A present-biased society is represented by individuals reaching an earlier peak in their mean wealth and trend to lose accumulated wealth as they reach retirement. Loss of wealth can be attributed to tendency to bend under the temptation to over-consume and under-save. Such irrational behavioral biases lead to lower average wealth and shortened planning horizons.[17] Present-biased people fail to complete a consumption saving plan are more likely consistently re-optimize factors influencing their wealth accumulation. An association between deciding to obtain less education, lower lifetime earnings, and lower retirement consumption was observed in present-biased individuals.[17]


Present bias plays a role in tourism concerning travel costs and impulsivity of tourist's decision-making. Impulsivity is reasoned to be triggered by the escape of daily routines and a feeling of the moment. Hence present bias would specially apply while traveling. Although reference prices frame expenses, present bias which is influenced by the prospect theory, that grades the value of gains, and the attachment effect, tourists tend to overspend. Individual differences such as risk aversiveness play into overspending caused by the effect of present bias. Group decisions and a prior commitment to not overspend can reduce the bias and inhibit impulsivity.[18]

See also[edit]


  1. ^ Chakraborty A. "Present Bias" (PDF).
  2. ^ a b c d e f g h i j k l Wang Y, Sloan FA (October 2018). "Present bias and health". Journal of Risk and Uncertainty. 57 (2): 177–198. doi:10.1007/s11166-018-9289-z. PMC 6594564. PMID 31244508.
  3. ^ a b c Egan M. "What is present bias?". ING eZonomics.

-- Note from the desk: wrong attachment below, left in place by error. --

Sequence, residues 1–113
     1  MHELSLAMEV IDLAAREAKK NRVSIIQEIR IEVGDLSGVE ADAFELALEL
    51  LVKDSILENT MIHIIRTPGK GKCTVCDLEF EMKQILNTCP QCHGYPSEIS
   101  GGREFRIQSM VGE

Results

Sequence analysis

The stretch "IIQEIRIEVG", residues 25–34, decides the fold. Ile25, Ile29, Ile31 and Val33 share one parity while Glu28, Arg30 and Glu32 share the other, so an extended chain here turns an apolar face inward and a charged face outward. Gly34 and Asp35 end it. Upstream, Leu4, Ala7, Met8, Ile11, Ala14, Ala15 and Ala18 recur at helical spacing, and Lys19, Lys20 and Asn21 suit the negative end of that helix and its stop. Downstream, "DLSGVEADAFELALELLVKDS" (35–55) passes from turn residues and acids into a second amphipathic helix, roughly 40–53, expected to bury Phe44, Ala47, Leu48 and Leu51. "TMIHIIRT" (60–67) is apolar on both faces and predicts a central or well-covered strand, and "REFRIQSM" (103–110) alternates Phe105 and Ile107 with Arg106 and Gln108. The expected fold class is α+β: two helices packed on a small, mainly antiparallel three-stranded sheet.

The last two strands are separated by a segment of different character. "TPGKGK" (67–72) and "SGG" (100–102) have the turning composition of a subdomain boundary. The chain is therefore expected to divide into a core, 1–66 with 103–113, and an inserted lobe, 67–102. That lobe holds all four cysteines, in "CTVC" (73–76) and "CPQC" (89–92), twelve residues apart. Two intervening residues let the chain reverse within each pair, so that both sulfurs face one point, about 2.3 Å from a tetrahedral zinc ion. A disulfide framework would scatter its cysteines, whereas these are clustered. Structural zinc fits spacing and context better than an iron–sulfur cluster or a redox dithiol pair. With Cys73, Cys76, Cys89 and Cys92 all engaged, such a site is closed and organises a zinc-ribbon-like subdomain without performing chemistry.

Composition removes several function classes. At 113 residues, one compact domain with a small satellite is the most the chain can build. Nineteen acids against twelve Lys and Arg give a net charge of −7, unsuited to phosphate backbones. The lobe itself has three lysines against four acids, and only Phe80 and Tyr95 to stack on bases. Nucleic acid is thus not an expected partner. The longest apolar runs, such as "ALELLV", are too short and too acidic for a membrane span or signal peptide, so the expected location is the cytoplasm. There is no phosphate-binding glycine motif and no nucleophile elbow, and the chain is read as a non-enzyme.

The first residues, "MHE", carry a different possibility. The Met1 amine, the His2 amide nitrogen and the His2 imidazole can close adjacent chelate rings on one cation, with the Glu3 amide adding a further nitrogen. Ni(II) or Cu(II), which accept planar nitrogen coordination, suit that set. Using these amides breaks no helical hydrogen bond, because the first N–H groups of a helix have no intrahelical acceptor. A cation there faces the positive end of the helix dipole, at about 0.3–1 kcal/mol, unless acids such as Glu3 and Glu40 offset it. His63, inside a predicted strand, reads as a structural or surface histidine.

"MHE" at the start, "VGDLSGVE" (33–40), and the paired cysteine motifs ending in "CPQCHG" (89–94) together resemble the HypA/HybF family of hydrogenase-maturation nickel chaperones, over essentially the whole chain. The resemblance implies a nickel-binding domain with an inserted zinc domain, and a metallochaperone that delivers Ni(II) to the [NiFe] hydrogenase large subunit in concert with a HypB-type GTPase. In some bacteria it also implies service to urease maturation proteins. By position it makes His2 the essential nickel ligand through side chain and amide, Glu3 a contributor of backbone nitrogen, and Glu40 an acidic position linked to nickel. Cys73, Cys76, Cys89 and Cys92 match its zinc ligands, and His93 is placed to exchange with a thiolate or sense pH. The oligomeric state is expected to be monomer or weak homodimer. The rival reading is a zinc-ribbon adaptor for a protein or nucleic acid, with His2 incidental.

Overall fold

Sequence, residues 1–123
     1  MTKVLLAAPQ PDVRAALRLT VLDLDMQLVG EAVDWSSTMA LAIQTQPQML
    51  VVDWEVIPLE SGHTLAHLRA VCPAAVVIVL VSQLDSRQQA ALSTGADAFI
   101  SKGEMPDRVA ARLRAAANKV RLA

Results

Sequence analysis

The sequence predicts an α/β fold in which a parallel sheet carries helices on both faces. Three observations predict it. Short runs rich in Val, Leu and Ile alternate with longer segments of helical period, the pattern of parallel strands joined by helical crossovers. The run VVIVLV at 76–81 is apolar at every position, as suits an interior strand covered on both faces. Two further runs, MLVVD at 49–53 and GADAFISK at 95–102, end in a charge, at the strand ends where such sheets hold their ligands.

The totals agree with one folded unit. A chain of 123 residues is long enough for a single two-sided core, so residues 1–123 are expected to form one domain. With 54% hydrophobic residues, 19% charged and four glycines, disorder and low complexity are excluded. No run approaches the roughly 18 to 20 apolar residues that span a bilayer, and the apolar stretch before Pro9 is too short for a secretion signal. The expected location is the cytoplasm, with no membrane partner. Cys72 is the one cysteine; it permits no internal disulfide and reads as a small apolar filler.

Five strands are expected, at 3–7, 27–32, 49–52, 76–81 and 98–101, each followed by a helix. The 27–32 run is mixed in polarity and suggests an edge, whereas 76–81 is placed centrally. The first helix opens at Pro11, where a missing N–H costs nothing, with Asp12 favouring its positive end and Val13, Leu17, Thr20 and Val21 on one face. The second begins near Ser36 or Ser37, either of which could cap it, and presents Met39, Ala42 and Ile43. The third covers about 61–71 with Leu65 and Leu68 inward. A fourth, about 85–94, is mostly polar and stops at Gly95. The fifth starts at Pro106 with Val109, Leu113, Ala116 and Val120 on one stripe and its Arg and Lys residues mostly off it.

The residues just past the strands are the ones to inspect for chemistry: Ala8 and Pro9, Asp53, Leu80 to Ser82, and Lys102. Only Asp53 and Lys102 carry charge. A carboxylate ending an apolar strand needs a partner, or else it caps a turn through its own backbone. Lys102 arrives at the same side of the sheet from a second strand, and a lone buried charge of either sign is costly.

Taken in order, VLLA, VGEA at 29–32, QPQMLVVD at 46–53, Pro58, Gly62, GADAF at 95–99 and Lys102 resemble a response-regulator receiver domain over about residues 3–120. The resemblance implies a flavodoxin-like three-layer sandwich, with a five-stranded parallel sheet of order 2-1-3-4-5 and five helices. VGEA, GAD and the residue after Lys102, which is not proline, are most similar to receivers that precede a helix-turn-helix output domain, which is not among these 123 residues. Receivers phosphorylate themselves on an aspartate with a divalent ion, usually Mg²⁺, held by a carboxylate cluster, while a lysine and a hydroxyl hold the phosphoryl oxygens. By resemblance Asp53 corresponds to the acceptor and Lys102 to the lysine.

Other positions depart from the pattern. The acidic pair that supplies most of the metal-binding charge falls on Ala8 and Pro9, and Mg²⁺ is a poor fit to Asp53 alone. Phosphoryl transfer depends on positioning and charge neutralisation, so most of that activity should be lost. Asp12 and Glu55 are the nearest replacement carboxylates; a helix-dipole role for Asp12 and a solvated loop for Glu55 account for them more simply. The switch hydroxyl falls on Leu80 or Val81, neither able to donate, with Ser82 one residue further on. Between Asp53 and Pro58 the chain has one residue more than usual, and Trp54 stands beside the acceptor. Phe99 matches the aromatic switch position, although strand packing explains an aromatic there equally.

4. ^ a b Delaney L, Lades LK (2017). "Present Bias and Everyday Self-Control Failures: A Day Reconstruction Study: Present Bias and Everyday Self-Control Failures". Journal of Behavioral Decision Making. 30 (5): 1157–1167. doi:10.1002/bdm.2031.
  5. ^ a b O'Donoghue T, Rabin M (2015). "Present Bias: Lessons Learned and To Be Learned". American Economic Review. 105 (5): 273–279. doi:10.1257/aer.p20151085.
  6. ^ "Procrastination Through the Ages: A Brief History of Wasting Time". mentalfloss.com. 2015-05-11. Retrieved 2019-05-14.
  7. ^ Balakrishnan U, Haushofer J, Jakiela P (2017). "How Soon Is Now? Evidence of Present Bias from Convex Time Budget Experiments". Cambridge, MA. doi:10.3386/w23558. {{cite journal}}: Cite journal requires |journal= (help)
  8. ^ a b McAdams RH (2011). "Present Bias and Criminal Law". University of Illinois Law Review.
  9. ^ a b c d e f g h i j k l m n Albrecht K, Volz KG, Sutter M, von Cramon DY (2013). Avenanti A (ed.). "What do I want and when do I want it: brain correlates of decisions made for self and other". PLOS ONE. 8 (8): e73531. Bibcode:2013PLoSO...873531A. doi:10.1371/journal.pone.0073531. PMC 3749998. PMID 23991196.
  10. ^ a b c Drobetz R, Hänggi J, Maercker A, Kaufmann K, Jäncke L, Forstmeier S (April 2014). "Structural brain correlates of delay of gratification in the elderly". Behavioral Neuroscience. 128 (2): 134–45. doi:10.1037/a0036208. PMID 24773434.
  11. ^ Mischel W, Ebbesen EB (October 1970). "Attention in delay of gratification". Journal of Personality and Social Psychology. 16 (2): 329. doi:10.1037/h0029815. S2CID 53464175.
  12. ^ a b c Fowler JH, Kam CD (2006). "Patience as a Political Virtue: Delayed Gratification and Turnout". Political Behavior. 28 (2): 113–128. doi:10.1007/s11109-006-9004-7. ISSN 0190-9320. S2CID 7921674.
  13. ^ a b c O'Donoghue T, Rabin M (1999). "Doing It Now or Later". The American Economic Review. 89 (1): 103–124. doi:10.1257/aer.89.1.103. JSTOR 116981. S2CID 5115877.
  14. ^ a b Bisin A, Hyndman K. "Present-Bias, Procrastination and Deadlines in a Field Experiment" (PDF).
  15. ^ a b Wu Y, Li L, Yuan B, Tian X (June 2016). "Individual differences in resting-state functional connectivity predict procrastination". Personality and Individual Differences. 95: 62–7. doi:10.1016/j.paid.2016.02.016.
  16. ^ a b Loewenstein G (March 1996). "Out of Control: Visceral Influences on Behavior". Organizational Behavior and Human Decision Processes. 65 (3): 272–292. doi:10.1006/obhd.1996.0028. S2CID 606889.
  17. ^ a b c "Research". Tristan J. Nighswander. Retrieved 2019-05-14.
  18. ^ Nguyen Q (June 2016). "Linking loss aversion and present bias with overspending behavior of tourists: Insights from a lab-in-the-field experiment". Tourism Management. 54 (152–9): 152–159. doi:10.1016/j.tourman.2015.09.019.